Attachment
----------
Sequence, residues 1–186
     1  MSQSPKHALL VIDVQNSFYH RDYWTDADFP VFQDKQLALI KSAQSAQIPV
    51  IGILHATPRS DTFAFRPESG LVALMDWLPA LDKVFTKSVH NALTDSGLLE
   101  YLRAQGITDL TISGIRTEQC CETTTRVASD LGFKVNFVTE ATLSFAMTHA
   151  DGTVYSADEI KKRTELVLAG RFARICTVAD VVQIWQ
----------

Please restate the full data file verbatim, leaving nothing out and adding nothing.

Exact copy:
Sequence, residues 1–186
     1  MSQSPKHALL VIDVQNSFYH RDYWTDADFP VFQDKQLALI KSAQSAQIPV
    51  IGILHATPRS DTFAFRPESG LVALMDWLPA LDKVFTKSVH NALTDSGLLE
   101  YLRAQGITDL TISGIRTEQC CETTTRVASD LGFKVNFVTE ATLSFAMTHA
   151  DGTVYSADEI KKRTELVLAG RFARICTVAD VVQIWQ